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Adaptive regime-based investment strategies should incorporate the financial cycle. Given the absurd decision by mainstream macroeconomics to ignore credit, money and the financial cycle, as I discussed in prior articles (here and here), it is not much of a surprise that they completely missed the oncoming crisis in 2008. In fact, twice since 2000, investors have suffered losses of 40% of their portfolios. My firm’s motto is: “Better not to lose in the first place.”
Australian Real Estate: Not A Crash….Yet
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In response to this shortfall, we have created an adaptive regime-based investment framework that generates multi-asset and equity-sector-rotation model portfolios. The investment objective of these model portfolios is to combine downside protection with upside participation. Many firms say they do this – but our process integrates macroeconomic and financial cycle risk.
Our market state (or regime-based) investment framework utilizes more than a dozen variables that include measures of (1) market sentiment, (2) interest rates, (3) balance sheets, (4) real economic activity, and (5) asset prices. Once this information is distilled using a proprietary statistical process, we apply our adaptive regime-based framework, described below:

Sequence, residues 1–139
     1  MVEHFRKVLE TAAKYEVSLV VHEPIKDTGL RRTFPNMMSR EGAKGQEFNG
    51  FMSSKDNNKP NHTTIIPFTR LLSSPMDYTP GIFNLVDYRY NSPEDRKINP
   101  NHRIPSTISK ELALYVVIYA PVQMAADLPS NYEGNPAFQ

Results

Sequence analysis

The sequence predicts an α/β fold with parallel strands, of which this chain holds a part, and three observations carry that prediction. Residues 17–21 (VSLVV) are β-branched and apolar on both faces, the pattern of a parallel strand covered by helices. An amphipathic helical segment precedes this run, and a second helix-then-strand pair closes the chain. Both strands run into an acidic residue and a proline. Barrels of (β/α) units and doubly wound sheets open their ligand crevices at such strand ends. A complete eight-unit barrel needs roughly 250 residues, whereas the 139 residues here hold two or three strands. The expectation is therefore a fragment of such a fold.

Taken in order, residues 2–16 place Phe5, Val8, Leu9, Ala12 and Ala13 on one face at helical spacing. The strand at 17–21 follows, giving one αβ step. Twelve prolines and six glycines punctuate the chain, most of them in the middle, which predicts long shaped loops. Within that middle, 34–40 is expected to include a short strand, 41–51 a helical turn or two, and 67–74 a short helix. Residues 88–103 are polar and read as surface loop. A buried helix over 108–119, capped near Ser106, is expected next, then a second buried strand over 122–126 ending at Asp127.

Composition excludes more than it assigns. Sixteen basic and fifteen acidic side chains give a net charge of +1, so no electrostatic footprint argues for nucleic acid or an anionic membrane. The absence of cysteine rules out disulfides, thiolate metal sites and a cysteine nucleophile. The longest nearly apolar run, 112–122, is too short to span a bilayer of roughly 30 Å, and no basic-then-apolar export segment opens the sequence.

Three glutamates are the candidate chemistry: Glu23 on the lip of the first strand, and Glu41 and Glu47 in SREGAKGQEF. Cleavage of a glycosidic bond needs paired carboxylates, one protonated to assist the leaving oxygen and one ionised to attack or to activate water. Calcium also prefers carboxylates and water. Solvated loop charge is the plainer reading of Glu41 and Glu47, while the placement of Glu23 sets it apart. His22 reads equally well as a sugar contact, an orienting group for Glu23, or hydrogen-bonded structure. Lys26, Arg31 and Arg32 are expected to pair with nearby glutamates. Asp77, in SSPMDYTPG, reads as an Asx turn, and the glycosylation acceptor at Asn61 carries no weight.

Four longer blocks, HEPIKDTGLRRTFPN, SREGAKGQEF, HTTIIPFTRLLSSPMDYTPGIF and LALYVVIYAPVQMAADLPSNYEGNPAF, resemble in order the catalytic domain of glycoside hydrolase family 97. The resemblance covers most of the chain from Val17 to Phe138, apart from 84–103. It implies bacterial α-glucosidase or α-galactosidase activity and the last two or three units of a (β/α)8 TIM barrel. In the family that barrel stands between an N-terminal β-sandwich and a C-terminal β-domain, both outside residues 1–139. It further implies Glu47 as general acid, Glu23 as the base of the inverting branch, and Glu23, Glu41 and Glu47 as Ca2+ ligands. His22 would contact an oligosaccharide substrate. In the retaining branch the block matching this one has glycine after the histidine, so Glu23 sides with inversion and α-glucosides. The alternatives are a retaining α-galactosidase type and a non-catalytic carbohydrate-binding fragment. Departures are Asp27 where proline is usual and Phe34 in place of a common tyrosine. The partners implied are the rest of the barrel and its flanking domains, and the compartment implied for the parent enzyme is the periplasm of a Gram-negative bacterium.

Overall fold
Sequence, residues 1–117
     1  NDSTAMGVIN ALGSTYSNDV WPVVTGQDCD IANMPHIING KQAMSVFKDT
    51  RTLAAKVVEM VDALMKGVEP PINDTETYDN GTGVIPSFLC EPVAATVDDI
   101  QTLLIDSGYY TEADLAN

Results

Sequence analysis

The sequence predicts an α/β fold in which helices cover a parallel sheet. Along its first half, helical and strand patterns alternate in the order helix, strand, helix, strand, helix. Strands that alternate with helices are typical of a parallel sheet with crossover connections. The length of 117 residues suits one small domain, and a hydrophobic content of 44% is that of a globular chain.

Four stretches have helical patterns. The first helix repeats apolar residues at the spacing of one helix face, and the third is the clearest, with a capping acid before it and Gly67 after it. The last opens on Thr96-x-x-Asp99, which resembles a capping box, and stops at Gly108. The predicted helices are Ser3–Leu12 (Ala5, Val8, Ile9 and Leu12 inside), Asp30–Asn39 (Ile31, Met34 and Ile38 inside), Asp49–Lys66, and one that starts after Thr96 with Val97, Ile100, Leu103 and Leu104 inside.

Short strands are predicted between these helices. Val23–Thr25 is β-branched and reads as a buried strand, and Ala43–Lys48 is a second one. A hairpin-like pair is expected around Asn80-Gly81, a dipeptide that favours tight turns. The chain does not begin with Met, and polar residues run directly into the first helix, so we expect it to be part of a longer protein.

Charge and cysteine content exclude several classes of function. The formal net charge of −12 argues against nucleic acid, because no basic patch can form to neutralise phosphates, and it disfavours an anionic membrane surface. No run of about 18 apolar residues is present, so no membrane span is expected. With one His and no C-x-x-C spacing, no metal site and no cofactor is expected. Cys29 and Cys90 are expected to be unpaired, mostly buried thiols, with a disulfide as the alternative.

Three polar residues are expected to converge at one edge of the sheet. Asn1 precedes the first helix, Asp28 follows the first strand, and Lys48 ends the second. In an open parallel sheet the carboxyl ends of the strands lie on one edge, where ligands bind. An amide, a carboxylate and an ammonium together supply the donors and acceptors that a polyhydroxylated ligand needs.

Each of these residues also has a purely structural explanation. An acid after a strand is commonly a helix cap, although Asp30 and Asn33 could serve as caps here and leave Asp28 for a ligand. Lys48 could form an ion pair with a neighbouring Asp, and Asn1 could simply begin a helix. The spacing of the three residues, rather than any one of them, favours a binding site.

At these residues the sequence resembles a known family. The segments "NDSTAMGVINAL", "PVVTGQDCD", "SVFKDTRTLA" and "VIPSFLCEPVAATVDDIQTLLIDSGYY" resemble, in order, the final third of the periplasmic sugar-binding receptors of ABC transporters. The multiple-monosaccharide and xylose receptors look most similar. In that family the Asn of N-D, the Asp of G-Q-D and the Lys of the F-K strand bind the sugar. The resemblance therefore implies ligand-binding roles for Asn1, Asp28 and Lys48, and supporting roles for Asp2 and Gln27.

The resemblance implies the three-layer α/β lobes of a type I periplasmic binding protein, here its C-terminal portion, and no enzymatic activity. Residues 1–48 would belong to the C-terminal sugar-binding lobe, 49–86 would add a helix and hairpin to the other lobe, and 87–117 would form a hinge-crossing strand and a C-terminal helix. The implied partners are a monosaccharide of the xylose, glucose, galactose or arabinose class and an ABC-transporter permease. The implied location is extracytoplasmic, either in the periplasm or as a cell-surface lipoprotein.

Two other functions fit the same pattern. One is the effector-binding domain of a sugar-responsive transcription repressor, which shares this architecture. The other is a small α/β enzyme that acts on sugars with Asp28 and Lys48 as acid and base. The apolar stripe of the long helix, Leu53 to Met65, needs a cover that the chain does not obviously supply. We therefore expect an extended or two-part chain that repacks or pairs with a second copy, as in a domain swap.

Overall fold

Our framework consists of five regimes. Each regime must offer different features. If the regimes are not sufficiently distinct from one another, performance will be inferior. For example, in our back tests, from September 2008 to February 2009, we were in a seeking safety regime and the portfolio was invested in safe assets, such as U.S. Treasury securities, cash and gold. Alternatively, in 2009-2010, we were invested in a risk-on market state, which included extensive exposure to risk, including equities, commodities and risky bonds, such as high-yield and emerging-market debt. Our process is intentionally designed to adapt to changes in market conditions and macro-financial risks.
The movement in market states from one year-end to the next is provided in the figure below – we ran back tests from 1990 to 2016. Note especially that the portfolio at the end of 2008 was at an extreme (“off-the-chart”) seeking-safety market state, before recovering in 2009.
By John M. Balder, read the full article here.